This fact sheet provides a basic overview of the Medicare program, including how it is financed, who is eligible, and what benefits are covered under the program. In addition, it describes supplemental health insurance, out-of-pocket spending by people on Medicare, and data on Medicare expenditures and financing.
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This issue brief provides an overview of stand-alone Voluntary Employees’ Beneficiary Association trusts, through which employers have been able to rid themselves of future obligations to pay retiree health benefits in exchange for making a significant payment to designed to approximate the projected cost of these benefits. The paper include…
This Medicare Part D data spotlight examines the stand-alone Medicare drug plan options that will be available to beneficiaries in 2010, including the number of available plans, premiums for those plans, and benefit designs. About two-thirds of the nearly 27 million Medicare beneficiaries who are enrolled in Part D plans get…
Several major deficit-reduction and entitlement reform proposals include raising Medicare’s age of eligibility from 65 to 67 as a way of improving Medicare’s solvency. This Kaiser Family Foundation report estimates the expected effects of such a change on the federal budget, as well as on affected seniors’ out-of-pocket costs, employers,…
Senior Vice President Patricia Neuman testified before the U.S. Senate Special Committee on Aging as part of its hearing entitled Income Security and the Elderly: Securing Gains Made in the War on Poverty. As part of her testimony, she presented segments from a Foundation-produced video that highlights what it means to be old and poor in our country.
While the Census Bureau’s official poverty measure shows 9 percent of seniors nationally live in poverty, the share climbs to about one in seven seniors (15 percent) under the Bureau’s alternative Supplemental Poverty Measure, which takes into account out-of-pocket health expenses and geographic differences in the cost of living. Produced by the Kaiser Family Foundation, Old and Poor: America’s Forgotten provides a portrait of seniors who are living in poverty, in both urban and rural areas across the United States.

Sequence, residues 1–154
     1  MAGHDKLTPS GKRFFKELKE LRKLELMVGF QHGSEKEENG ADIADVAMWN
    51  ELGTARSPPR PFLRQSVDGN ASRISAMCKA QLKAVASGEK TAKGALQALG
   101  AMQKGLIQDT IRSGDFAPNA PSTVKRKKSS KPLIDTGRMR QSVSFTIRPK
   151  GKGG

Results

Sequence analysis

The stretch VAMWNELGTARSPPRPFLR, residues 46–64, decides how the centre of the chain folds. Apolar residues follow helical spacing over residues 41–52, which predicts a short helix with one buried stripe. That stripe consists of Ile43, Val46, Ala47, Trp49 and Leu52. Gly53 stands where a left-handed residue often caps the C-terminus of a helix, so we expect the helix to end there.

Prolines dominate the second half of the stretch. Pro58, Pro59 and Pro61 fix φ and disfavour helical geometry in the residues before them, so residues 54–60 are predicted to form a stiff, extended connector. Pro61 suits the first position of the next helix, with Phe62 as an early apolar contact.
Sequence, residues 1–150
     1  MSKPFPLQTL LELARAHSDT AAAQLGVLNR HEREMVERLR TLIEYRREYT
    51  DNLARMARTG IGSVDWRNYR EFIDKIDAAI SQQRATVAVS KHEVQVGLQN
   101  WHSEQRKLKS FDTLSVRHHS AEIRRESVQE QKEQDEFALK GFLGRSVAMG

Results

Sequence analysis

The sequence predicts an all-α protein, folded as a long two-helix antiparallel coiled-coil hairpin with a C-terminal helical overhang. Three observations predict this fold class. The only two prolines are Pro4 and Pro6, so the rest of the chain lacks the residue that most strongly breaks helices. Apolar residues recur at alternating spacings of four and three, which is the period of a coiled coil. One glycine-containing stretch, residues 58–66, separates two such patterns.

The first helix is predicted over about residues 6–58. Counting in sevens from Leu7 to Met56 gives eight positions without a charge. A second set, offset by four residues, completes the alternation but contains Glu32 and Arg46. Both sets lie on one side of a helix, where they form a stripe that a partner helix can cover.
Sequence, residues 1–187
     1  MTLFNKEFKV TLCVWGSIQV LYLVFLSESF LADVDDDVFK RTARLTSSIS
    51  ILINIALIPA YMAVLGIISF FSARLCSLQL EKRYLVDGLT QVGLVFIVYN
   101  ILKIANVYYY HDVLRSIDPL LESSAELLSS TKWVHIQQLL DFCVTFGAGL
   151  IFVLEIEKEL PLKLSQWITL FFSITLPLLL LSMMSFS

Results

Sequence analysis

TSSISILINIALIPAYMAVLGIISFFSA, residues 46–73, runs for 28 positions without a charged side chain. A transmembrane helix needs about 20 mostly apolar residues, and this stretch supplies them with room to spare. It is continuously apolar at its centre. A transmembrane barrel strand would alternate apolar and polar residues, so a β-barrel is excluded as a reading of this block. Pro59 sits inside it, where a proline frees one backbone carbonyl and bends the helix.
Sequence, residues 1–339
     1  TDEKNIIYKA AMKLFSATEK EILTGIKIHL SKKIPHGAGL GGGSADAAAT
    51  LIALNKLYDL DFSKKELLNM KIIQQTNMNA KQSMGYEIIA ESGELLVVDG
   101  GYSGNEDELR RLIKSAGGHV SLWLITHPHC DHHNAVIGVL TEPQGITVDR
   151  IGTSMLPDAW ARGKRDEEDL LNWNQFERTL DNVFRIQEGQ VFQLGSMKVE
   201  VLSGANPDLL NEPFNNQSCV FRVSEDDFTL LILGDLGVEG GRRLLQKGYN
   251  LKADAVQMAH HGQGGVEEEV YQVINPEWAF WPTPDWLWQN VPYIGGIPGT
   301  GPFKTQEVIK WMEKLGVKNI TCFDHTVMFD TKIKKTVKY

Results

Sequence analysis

In The Wall Street Journal’s Think Tank, Drew Altman asks, “what’s your image of America’s seniors?” and provides some facts on the income and assets of Medicare enrollees.
New Interactive Takes a Look at Income and Assets Among Medicare Beneficiaries, Now and in the Future
A small share of the 52.4 million elderly individuals and people with disabilities on Medicare have relatively high incomes, but most are of modest means — with half living on incomes of less than $23,500 last year. Although the majority of beneficiaries have some savings, the value of their assets…
This issue brief describes the Centers for Medicare and Medicaid Services’ plan to evaluate the financial alignment demonstrations, for beneficiaries dually eligible for Medicare and Medicaid via its contract with RTI International.
Comparing Poverty Rates under the Official Census Poverty Measure and the Supplemental Poverty Measure
This interactive graphic illustrates how poverty rates among seniors in each of the 50 states change under two different Census Bureau measures of poverty: the official poverty measure and an alternative supplemental poverty measure, which takes into account health care and housing costs among other factors.